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Member Research & Reports

Member Research & Reports

Kentucky: Socioemotional Selectivity Theory in ALS Patients and Their Caregivers

A group of investigators from the University of Kentucky (UK) have published new research on the mental health of patients with amyotrophic lateral sclerosis  (ALS) and their caregivers.

Socioemotional selectivity theory predicts that as the end of life approaches, goals and resources that provide immediate, hedonic reward become more important than those that provide delayed rewards. This study tested whether these goal domains differentially affected psychological health in the context of marital dyads in which one partner had been diagnosed with amyotrophic lateral sclerosis (ALS), a life-limiting disease.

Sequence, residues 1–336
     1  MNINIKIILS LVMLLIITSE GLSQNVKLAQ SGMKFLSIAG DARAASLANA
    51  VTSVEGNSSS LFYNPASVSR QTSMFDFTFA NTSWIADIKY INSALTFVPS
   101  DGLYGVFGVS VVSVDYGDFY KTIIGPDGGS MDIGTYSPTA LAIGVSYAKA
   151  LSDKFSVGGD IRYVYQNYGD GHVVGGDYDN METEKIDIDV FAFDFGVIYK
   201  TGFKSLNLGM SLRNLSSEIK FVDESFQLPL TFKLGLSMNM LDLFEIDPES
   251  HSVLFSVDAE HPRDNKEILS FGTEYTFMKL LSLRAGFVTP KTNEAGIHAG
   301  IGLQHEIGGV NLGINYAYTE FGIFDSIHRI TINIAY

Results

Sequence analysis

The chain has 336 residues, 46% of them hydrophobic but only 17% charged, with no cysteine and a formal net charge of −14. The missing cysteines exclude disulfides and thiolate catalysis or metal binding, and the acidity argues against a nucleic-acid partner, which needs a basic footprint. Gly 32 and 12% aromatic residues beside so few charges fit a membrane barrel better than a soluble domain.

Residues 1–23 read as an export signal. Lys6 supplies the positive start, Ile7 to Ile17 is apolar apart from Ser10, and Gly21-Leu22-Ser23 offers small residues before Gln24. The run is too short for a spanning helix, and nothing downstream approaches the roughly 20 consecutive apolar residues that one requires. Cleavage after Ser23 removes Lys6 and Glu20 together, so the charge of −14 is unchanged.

“The results provide good support for socioemotional selectivity theory’s implications for psychological health,” the authors conclude.

The article “Socioemotional selectivity and psychological health in amyotrophic lateral sclerosis patients and caregivers: a longitudinal, dyadic analysis” appears in Psychology and Health.

Dr. Suzanne Segerstrom, a professor of psychology in the UK College of Arts and Sciences, who also holds an MPH from the University College of Public Health, is the first and corresponding author. Co-authors are Dr. Edward J. Kasarskis, of the UK College of Medicine, along with Dr. David W. Fardo,  and Dr. Philip M. Westgate, both of the University of Kentucky College of Public Health Department of Biostatistics.